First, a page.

About Faces: The Bellows Falls Petroglyphs

November 6, 2012 — I can do this post in one sentence: Rudimentary faces believed to be of Native American origin are carved into granite boulders on the side of a river in Vermont. Now, I’ll do the 800-word version, just to show you what a big scam writing is.

Actually, this is one of my favorite types of posts to write. Simple to describe (see above) and simple to research since pretty much nothing is known about the topic.

The Bellows Falls Petroglyphs (a petroglyph is an image carved into rock) are located on a pair of large, loose boulders on the side of the Connecticut River in Bellows Falls, Vermont. The river is the boundary between that town and Walpole, New Hampshire, so the engravings are the thin width of a river away from being called the Walpole Petroglyphs. I’d like to believe this is a point of contention between the two towns, but they probably get along fine at the local high school basketball games.

The petroglyphs depict two groupings of what appear to be twenty-odd face-sized faces clustered together like they’re in one of those crowd scenes that inspired Ezra Pound to bum us commuters out about our lives. At least, everybody seems to agree that they depict a bunch of faces, even if there is disagreement about whether those faces are human, animal, or other. To be literal, though, they’re an arrangement of rough circles, each enclosing three dots, and some of which have pairs of lines radiating from their tops.

We do know that these petroglyphs date back to at least 1789, when a preacher from Dartmouth College named David McClure wrote about them while visiting the area. They’re believed to have been carved by the Abenaki, since those were the native natives back then.

We also know that they’ve been messed with over the years, although to what extent is up for debate. For instance, McClure’s original description included only three faces, leading some to postulate that the carvings have been added to since then. In addition, his drawings of the petroglyphs revealed faces that were slightly more detailed than what exist today, although still simplistic…think Bunsen Honeydew minus the glasses.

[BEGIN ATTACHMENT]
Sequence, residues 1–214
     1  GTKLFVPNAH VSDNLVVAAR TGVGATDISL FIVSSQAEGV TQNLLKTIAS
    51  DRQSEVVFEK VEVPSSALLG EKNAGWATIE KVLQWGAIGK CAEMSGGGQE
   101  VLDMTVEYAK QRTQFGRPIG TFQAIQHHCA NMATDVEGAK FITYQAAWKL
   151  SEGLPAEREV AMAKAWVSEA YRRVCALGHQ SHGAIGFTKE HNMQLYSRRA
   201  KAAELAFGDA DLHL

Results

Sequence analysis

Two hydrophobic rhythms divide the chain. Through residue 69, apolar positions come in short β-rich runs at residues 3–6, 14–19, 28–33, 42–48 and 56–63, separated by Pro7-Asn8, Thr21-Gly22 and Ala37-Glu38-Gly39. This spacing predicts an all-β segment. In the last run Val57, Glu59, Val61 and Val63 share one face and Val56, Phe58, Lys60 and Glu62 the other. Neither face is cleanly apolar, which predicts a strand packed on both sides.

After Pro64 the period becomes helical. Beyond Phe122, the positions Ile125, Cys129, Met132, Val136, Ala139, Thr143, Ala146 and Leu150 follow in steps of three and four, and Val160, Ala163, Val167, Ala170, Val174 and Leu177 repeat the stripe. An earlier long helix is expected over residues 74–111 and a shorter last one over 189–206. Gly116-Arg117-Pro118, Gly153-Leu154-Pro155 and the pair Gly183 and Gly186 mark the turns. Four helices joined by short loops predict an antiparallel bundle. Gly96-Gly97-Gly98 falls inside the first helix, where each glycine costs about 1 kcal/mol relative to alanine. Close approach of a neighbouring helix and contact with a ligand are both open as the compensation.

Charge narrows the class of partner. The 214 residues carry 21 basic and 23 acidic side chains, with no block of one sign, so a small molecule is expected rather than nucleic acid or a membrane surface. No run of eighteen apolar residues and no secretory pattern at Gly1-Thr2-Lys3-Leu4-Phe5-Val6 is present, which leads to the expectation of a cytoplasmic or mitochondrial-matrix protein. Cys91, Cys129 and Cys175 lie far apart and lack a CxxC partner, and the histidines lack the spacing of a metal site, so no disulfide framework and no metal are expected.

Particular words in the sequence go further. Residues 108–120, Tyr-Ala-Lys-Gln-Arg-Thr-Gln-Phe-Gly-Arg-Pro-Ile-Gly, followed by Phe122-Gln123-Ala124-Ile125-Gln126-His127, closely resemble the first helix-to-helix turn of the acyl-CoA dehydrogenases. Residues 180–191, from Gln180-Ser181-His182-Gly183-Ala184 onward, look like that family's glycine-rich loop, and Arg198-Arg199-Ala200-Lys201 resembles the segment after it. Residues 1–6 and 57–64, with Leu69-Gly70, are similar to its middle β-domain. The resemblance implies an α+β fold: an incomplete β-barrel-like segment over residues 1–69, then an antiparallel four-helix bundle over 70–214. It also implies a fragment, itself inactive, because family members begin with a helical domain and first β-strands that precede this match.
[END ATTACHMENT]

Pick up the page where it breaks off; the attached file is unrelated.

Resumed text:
From Picture Rocks: American Indian Rock Art in the
Northeast Woodlands
by Edward J. Lenik

In the 1930s, locals had the carvings deepened in a misguided attempt to preserve them from the constant erosion of the river, thereby damaging the value of the images as historical artifacts but not really our chances at learning more about them.

Red circles indicate the two
groupings of petroglyphs...and the
limits of my artistic ability.
Anyway, the explanations of these petroglyphs range from the extremely banal (doodles by Native Americans who were fishing the river) to extremely extreme (antennae-headed aliens) to everything in between: grave markers, religious symbols, warnings against evil.

Actually, the lines atop the circles really are the most interesting part of the carvings. Besides alien antennae and demon horns, they’ve also been described as feathers from headdresses, antlers from deer, pre-brush-era hair, and somebody doing donkey ears in the primitive equivalent of a class picture. One of those is my contribution to the field.

I saw these guys a little over a month ago (there’s some brief footage in the Veering to Vermont video I put together from that trek). They definitely struck me as faces, but I also got the weird impression that they were a choir of some sort, singing with O-mouths like the kids in A Charlie Brown’s Christmas.

To see them for yourself, just drive to the Vermont side of the Vilas Bridge, at the eastern end of Bridge Street (the western end also crosses a bridge, but that one’s in the center of Bellows Falls, and you want to be on the edge of the town). There you’ll see a sign pointing toward the “Indian Carvings.” Walk just a few steps onto the bridge to the far side from the sign and direct your gaze almost straight down at the rocky shore.

While I was there, four short lines of yellow paint marked the location of the petroglyphs, and traces of yellow paint were still evident from a previous tracing of the engravings themselves.

They’re not too hard to make out from that height, but it definitely improves the situation to use binoculars, a zoom lens, or Inspector Gadget’s neck. You could probably scrabble down to them for a closer look if you wanted to as well, but according to a warning sign posted at the spot, the river floods regularly. And I’m not just talking during a hard rain. The flow is artificially controlled by a nearby damn, meaning the banks can be submerged at any point according to the whims of whoever’s shift it is at the water works.

Of course, that just makes me wonder what that Peanuts gang rendition of O Christmas Tree sounds like underwater.

All because some Native American guys were having a slow fishing day.